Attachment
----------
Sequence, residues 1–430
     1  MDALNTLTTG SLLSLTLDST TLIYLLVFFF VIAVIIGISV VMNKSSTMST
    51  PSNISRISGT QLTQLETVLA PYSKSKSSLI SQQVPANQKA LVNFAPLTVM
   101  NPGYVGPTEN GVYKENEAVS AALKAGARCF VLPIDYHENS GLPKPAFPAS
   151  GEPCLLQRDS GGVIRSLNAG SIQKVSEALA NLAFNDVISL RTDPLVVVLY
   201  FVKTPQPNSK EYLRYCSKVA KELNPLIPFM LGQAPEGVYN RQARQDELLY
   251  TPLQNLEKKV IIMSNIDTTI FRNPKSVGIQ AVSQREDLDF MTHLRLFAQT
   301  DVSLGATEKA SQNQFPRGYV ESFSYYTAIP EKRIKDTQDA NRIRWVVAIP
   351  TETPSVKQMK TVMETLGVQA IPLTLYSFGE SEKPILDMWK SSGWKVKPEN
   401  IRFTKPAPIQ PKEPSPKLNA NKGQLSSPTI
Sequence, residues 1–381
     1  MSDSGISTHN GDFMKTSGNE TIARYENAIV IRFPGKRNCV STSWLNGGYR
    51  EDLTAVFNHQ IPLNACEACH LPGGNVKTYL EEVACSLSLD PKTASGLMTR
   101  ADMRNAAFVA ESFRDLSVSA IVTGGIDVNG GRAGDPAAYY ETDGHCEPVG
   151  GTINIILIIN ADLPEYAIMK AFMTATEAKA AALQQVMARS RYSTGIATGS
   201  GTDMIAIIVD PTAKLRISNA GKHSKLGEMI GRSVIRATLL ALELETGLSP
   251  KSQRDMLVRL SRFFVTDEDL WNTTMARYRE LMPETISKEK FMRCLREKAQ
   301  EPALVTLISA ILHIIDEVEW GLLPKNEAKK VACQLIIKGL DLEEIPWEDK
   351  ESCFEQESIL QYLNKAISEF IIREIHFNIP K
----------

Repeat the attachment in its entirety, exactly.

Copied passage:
Sequence, residues 1–430
     1  MDALNTLTTG SLLSLTLDST TLIYLLVFFF VIAVIIGISV VMNKSSTMST
    51  PSNISRISGT QLTQLETVLA PYSKSKSSLI SQQVPANQKA LVNFAPLTVM
   101  NPGYVGPTEN GVYKENEAVS AALKAGARCF VLPIDYHENS GLPKPAFPAS
   151  GEPCLLQRDS GGVIRSLNAG SIQKVSEALA NLAFNDVISL RTDPLVVVLY
   201  FVKTPQPNSK EYLRYCSKVA KELNPLIPFM LGQAPEGVYN RQARQDELLY
   251  TPLQNLEKKV IIMSNIDTTI FRNPKSVGIQ AVSQREDLDF MTHLRLFAQT
   301  DVSLGATEKA SQNQFPRGYV ESFSYYTAIP EKRIKDTQDA NRIRWVVAIP
   351  TETPSVKQMK TVMETLGVQA IPLTLYSFGE SEKPILDMWK SSGWKVKPEN
   401  IRFTKPAPIQ PKEPSPKLNA NKGQLSSPTI
Sequence, residues 1–381
     1  MSDSGISTHN GDFMKTSGNE TIARYENAIV IRFPGKRNCV STSWLNGGYR
    51  EDLTAVFNHQ IPLNACEACH LPGGNVKTYL EEVACSLSLD PKTASGLMTR
   101  ADMRNAAFVA ESFRDLSVSA IVTGGIDVNG GRAGDPAAYY ETDGHCEPVG
   151  GTINIILIIN ADLPEYAIMK AFMTATEAKA AALQQVMARS RYSTGIATGS
   201  GTDMIAIIVD PTAKLRISNA GKHSKLGEMI GRSVIRATLL ALELETGLSP
   251  KSQRDMLVRL SRFFVTDEDL WNTTMARYRE LMPETISKEK FMRCLREKAQ
   301  EPALVTLISA ILHIIDEVEW GLLPKNEAKK VACQLIIKGL DLEEIPWEDK
   351  ESCFEQESIL QYLNKAISEF IIREIHFNIP K